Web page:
57. Sugary Coffee Drinks
Company: Starbucks, Dunkin’ Donuts, etc.
Market Share: $26.58 billion annual revenue for Starbucks*
Ingredient: Sugar, dairy fat, artificial flavoring
Sugary Coffee Drinks ©vovidzha / Shutterstock.com
Before you indulge in that decadent white chocolate mocha with whole milk and whipped cream from Starbucks, think twice. Eat This Not That recently dubbed that very drink as one of the eight “worst coffee drinks in America”. While we all crave a sweet caffeine fix now and then, sugary coffee drinks are packed with…well, sugar. From Au Bon Pain’s Mocha Latte to Tim Horton’s Mocha Iced Capp to Dunkin’s Butter Caramel Swirl Frozen Coffee with Whole Milk (which admittedly sounds like a sugar overload), these drinks can cause major spikes in blood sugar levels. In fact, a scientific study of over 118,000 people found that the more sugar they consume, the more likely they are to succumb to illnesses like heart disease, according to Business Insider.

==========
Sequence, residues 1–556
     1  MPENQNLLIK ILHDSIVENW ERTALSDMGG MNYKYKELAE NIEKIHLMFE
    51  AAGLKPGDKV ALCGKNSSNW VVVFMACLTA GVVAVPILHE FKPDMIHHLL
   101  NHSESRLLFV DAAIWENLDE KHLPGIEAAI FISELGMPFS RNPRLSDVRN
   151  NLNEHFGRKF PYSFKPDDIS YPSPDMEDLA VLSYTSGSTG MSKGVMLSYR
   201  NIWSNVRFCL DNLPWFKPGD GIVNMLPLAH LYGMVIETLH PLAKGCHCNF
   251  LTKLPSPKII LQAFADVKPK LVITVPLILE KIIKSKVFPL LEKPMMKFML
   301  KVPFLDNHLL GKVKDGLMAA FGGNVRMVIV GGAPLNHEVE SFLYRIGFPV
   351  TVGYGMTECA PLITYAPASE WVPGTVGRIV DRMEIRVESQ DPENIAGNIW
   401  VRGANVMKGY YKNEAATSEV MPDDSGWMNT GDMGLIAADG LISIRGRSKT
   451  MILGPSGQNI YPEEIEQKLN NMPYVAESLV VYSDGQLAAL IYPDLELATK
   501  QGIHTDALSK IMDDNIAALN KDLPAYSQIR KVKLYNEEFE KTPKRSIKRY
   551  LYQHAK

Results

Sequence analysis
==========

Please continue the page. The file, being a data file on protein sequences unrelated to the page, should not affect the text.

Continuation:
58. White Rice
Company: Nikishi and others
Market Share: $287.45 billion*
White Rice ©Noppadon stocker / Shutterstock.com
Harvard Medical School dropped a bombshell when they revealed that white rice is a health hazard. While white bread has already been condemned as unhealthy, the high glycemic index of white rice may come as a surprise. According to Harvard, eating white rice is equivalent to consuming pure table sugar due to the blood sugar spike it causes. In contrast, brown rice is a healthier alternative as it is rich in magnesium and fiber, and does not cause a sudden surge in blood sugar levels. So, if you’re looking for a more wholesome grain option, brown rice should definitely make the cut on your grocery list.
Company: N/A (It’s the fish itself)
Market Share: $275 billion seawater fish market*
Swordfish ©Brent Hofacker / Shutterstock.com